3 628 B. Donohue et al. / Aggression and Violent Behavior 11 (2006) Strong relationship between drug abuse and child abuse and neglect Co-occurring substance abuse and child maltreatment in parents is evidenced in both substance abuse treatment and child protective service settings. Perpetrators of child maltreatment have been identified to abuse illicit substances in the majority of substantiated cases (e.g., Murphy et al., 1991). Indeed, parental substance abuse appears to negatively influence at least 70% of reported cases of child maltreatment (see Brown & Anderson, 1991; Famularo, Kinscherff, & Fenton, 1992; Locke & Newcomb, 2003), and drug using mothers have been found to be 2 to 3 times more likely to be reported for child maltreatment than comparison mothers living in the same geographic area (Jaudes et al., 1995). Caseworkers report that 65% of children who have substance-abusing parents were maltreated while their parents were under the influence of alcohol, drugs, or both (Westat, 1992). In large community samples of up to 11,000 parents with a lifetime DSM-III substance abuse disorder, a little more than half of the parents self-reported neglect of their children (Chaffin, Kelleher, & Hollenberg, 1996; Kelleher, Chaffin, Hollenberg, & Fischer, 1994). Therefore, it is not surprising that parental substance abuse has been cited by child protective service caseworkers as one of the greatest problems currently facing their agency (Daro & McCurdy, 1992; Kelly, 2002), and that substance abuse continues to be used by parents who actively receive Family and Welfare Services (Murphy et al., 1991). When the relationship between the different types of child maltreatment and substance abuse has been examined, neglect clearly demonstrates the strongest association with substance abuse (Famularo et al., 1992). Substances that are most often abused by perpetrators of child abuse and neglect include cocaine, opiates, heroin, and alcohol, with more than 24% of parents abusing multiple drugs (Chance & Scannapieco, 2002). The Drug Abuse Treatment Outcome Study (DATOS) examined both men and women who entered a community based drug and alcohol treatment program and in a sample of mothers, cocaine was the drug of choice for 58%, heroine for 24%, alcohol/ marijuana for 8%, and non-specified for 9% (Cash & Wilke, 2003). Mothers who were using cocaine or heroin were twice as likely to abuse and neglect their children compared to mothers who used other substances. Parental drug abuse has been shown to predict recurrence of child abuse and neglect (McDonald, 1990). Similarly, substance use of any type, either in the past, or presently occurring, appears to increase the likelihood of being reported for child maltreatment (Kelly, 2002). Parental substance abuse has also been found to influence re-referrals to child protective services (English, Marshall, & Orme, 1999), suggesting substance abuse continues to occur in these parents after child protective service involvement is initially discontinued. 3. Characteristics and consequences of co-occurring drug abuse and child abuse and neglect Family constellations of maternal substance abusers that physically abuse and neglect their children are rather untraditional. As indicated by Chance and Scannapieco (2002), the households of these mothers tend to be unstable, as mothers are often the single heads of the household, and there tends to be multiple male father figures and other significant others who transiently reside with the mother, such as parents, aunts, other relatives, friends and roommates. In bproviding a portrait of a typical family in which neglect occurs,q Connell-Carrick (2003) reports when the mother lives with a boyfriend, husband, or other family member, there is often conflict between these adults, a lack of positive affect, empathy, organization, and disengagement of paternal and family involvement in the rearing of children. Participation in family activities is also minimal primarily due to significant problems resulting from the mother s drug abuse (Gottwald & Thurman, 1994). For instance, effects of chronic maternal drug use may cause loved ones to distrust or avoid these mothers, leaving them to raise their children without the support of family or friends. Perpetuating this problem, many of these mothers are uneducated and not married or cohabitating with another adult significant other. Thus, they are often unable to secure jobs that will cover costs associated with the care of their children while they are working (see Magura & Laudet, 1996). Various pathologies and related problems also complicate treatment planning, including faulty expectations regarding child development (e.g., Twentyman & Plotkin, 1982), problem solving skill deficits (e.g., Hansen, Pallota, Tishelman, Conaway, & MacMillan, 1989), depression (e.g., Culp, Culp, Soulis, & Letts, 1989), poor maternal affection, social problems/deficits (e.g., Corcoran, 2000), poor attachment and relationships between the victim and perpetrator (e.g., Crittenden, 1988), elevated levels of distress, rigidity, unhappiness, and loneliness when compared to matched controls (Milner & Robertson, 1990), difficulties responding to the needs of their neonates (Gottwald & Thurman, 1994), spend little time with their children, are inconsistent with their disciplinary practices, are socially isolated (Kumpfer, 1987), are more likely to ignore or become angry with their children (Fontana, 1983), demonstrate severe impairments in parenting abilities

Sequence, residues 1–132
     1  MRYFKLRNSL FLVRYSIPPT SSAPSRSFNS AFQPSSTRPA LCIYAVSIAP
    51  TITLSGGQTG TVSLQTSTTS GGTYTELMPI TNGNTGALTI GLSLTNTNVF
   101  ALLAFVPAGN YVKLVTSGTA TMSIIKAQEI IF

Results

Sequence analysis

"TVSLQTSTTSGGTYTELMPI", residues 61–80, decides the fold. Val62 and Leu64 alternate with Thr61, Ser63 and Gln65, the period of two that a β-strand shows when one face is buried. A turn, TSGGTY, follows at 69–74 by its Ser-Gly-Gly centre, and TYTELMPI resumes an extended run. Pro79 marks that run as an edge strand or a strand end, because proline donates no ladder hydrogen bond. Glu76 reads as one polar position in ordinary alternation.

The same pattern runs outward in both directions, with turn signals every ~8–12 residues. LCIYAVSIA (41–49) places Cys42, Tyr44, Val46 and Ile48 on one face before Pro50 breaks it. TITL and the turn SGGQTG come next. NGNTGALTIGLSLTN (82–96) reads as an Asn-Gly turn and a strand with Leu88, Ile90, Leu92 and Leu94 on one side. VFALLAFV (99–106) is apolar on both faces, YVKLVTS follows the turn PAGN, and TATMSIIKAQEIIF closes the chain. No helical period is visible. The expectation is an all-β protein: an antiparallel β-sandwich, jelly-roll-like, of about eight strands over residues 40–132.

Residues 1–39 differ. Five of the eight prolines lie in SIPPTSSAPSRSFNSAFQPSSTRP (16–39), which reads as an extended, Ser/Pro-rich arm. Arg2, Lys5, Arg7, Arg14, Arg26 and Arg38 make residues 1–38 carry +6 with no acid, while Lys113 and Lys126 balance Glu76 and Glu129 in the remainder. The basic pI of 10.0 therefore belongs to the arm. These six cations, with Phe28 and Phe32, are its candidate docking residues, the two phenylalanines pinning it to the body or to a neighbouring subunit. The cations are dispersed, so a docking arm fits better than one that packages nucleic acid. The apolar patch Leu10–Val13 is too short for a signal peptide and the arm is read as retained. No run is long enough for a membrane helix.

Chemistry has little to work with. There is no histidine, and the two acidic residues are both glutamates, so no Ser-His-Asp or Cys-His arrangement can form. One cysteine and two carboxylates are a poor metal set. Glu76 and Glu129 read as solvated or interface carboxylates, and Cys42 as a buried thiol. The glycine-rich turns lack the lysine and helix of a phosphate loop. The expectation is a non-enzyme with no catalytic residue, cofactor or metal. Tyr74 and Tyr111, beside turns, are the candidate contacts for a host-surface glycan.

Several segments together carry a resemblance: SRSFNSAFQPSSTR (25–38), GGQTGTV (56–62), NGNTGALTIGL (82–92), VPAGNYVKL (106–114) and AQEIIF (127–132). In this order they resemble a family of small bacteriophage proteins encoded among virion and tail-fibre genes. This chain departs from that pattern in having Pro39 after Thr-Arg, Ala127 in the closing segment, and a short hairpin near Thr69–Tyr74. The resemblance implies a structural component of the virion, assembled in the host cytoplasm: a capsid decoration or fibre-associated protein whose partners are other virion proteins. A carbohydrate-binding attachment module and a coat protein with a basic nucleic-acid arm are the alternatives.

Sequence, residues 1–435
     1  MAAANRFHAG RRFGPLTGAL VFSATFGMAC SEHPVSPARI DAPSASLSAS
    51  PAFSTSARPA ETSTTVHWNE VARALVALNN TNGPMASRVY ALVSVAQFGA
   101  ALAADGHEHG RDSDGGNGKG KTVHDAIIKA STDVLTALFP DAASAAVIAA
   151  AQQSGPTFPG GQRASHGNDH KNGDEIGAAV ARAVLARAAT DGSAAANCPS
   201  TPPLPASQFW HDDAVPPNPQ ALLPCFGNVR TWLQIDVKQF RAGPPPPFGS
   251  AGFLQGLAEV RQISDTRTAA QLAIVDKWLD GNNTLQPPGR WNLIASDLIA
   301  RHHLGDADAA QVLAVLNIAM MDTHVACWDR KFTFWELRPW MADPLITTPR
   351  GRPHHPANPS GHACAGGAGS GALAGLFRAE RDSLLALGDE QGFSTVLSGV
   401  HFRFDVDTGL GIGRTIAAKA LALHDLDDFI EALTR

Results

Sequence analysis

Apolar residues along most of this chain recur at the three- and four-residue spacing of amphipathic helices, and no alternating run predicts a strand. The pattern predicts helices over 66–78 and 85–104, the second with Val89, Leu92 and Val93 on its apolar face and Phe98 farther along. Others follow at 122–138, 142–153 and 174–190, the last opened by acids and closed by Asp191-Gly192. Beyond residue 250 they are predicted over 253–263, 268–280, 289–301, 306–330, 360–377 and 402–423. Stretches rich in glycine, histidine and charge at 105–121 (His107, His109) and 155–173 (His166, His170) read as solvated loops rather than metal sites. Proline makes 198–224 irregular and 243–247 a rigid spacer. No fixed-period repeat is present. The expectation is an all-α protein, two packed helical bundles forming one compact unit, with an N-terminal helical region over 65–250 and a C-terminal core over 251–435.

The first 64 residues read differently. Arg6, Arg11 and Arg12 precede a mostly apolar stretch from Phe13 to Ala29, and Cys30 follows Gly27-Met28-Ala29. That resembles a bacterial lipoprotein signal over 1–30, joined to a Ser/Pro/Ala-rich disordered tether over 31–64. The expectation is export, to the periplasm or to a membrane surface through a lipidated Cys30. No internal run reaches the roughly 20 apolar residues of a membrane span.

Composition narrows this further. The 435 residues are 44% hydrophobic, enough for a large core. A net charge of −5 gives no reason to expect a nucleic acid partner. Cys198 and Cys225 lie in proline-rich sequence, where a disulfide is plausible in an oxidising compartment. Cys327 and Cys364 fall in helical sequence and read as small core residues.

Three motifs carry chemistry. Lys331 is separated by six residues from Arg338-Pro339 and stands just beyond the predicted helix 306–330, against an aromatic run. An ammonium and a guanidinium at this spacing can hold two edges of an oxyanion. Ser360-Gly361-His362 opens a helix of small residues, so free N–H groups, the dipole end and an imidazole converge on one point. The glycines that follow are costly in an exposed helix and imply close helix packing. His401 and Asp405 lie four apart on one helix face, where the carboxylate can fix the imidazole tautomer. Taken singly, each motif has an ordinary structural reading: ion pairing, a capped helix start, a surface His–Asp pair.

4 B. Donohue et al. / Aggression and Violent Behavior 11 (2006) (Daro & Mitchell, 1990), are likely to engage in criminal behavior, and often fail to supervise their children, including medical care, hygiene, and emotional attention (Corcoran, 2000). Tajima (2000) found that alcohol abuse increased the chances of a child being verbally abused by 34%. Inadequate knowledge of child development and parenting practices in substance abusing mothers is particularly likely to contribute to child maltreatment (see Connelly & Straus, 1992). Substance abuse has been linked to deficits in parenting behaviors and consequent behavioral and emotional problems in child victims (Bennett & Kemper, 1994), including problems in child development (Hawley, Halle, & Drasin, 1995). Thus, mothers who have been identified to abuse drugs and neglect their children must be treated utilizing skill-based interventions that address multiple problem domains. Most studies investigating effects of substance abuse in child maltreatment have focused on mothers. However, some evidence suggests paternal substance use is also strongly associated with child maltreatment. Fals-Stewart, Kelley, Fincham, Golden, and Logsdon (2004) found that children from drug-abusing fathers display more internalizing (i.e. anxiety and depression) and externalizing symptoms when compared with fathers who do not abuse drugs and alcohol. Directly relevant to this paper, a higher frequency of family violence, marital conflict, dysfunctional disciplinary practices, and less monitoring of children was also found in the homes of the drug-abusing fathers. Fals- Stewart, Kelley, Cooke, and Golden (2002) investigated the psychosocial adjustment of children living in homes with drug-abusing fathers. They found that children with higher levels of psychosocial maladjustment had fathers who were younger, of lower socio-economic status, more distressed, and reported greater severity of physical violence in the home. Physical violence had the strongest association with the children s psychosocial adjustment. As might be expected, parental substance abuse was associated with greater paternal and maternal levels of distress, and paternal Anti-Social Personality Disorder was positively associated with psychosocial maladjustment scores in children. Specific problems that have been found to occur in homes in which substance abuse and child maltreatment co-occur include poor communication, family conflict, and poor overall family functioning (Moos & Moos, 1984). 4. A behavioral model to explain the need to treat substance abuse and child maltreatment concurrently As previously reviewed, there are several stimuli (e.g., stress) that occur prior to, or are associated with, substance abuse, child abuse and child neglect. Indeed, these antecedent stimuli and events usually have a negative influence on all three problems, sometimes concurrently (see Table 1 for a few examples). Thus, targeting the elimination of these antecedent conditions, as well as the factors maintaining them, is crucial to the effective amelioration of both substance abuse and child maltreatment. The reciprocal interaction between substance abuse and child maltreatment also supports the need to concurrently treat these problems. Indeed, substance abuse increases the likelihood of child neglect directly (e.g., substance use leads to immediate neglectful behavior) and indirectly (substance use results in behaviors that lead to later neglect; Sheridan, 1995). A clear example of its direct contribution is leaving a toddler in a car unattended for an extended time while using cocaine at a friend s house. In this example, cocaine intoxication distracts the parent from attending to the needs of the child, resulting in the child being left in the car unsupervised. An indirect contribution of substance use leading to child neglect would be increased irritability due to chronic cocaine use. Irritability increases the likelihood of stress, which secondarily increases the likelihood of forgetting a sleeping child in a car seat during a hot summer day. Substance abuse has similar direct and indirect affects on child physical abuse. A direct contribution of drug abuse is hitting a child due to intoxicating effects of PCP, a drug known to influence irrational thinking patterns (e.g., paranoia) and aggressive behavior. An example of the indirect contribution of substance use to child abuse is increased irritability resulting from cocaine use, which may decrease tolerance of child misconduct, and therefore increase the likelihood physical abuse. In the preceding examples, drug use influences child physical abuse and neglect. However, child physical abuse and neglect may lead to drug use. For instance, guilt associated with child maltreatment may influence a parent to use drugs to temporarily eliminate aversive thoughts. Similarly, a parent may be motivated to use a depressant substance to eliminate rapid heart rate resulting from an intense beating of a child, or aversive thoughts associated with the threat of receiving negative consequences for child neglect. Amelioration of child abuse and neglect is, therefore, likely to result in decreased substance use, and vice versa. For instance, as was mentioned above, child maltreatment and substance abuse share many antecedent stimuli, including stress, unemployment, irritability, substance abusing friends and significant others, poor assertiveness skills, criminal activity, family conflict, and dangerous living environments. Thus, treatment should be aimed at